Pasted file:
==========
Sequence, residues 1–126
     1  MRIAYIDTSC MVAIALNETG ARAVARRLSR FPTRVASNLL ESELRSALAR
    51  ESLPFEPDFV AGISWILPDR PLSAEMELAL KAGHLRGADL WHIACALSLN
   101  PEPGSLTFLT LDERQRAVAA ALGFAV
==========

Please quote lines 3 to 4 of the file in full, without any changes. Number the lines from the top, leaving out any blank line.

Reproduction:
    51  ESLPFEPDFV AGISWILPDR PLSAEMELAL KAGHLRGADL WHIACALSLN
   101  PEPGSLTFLT LDERQRAVAA ALGFAV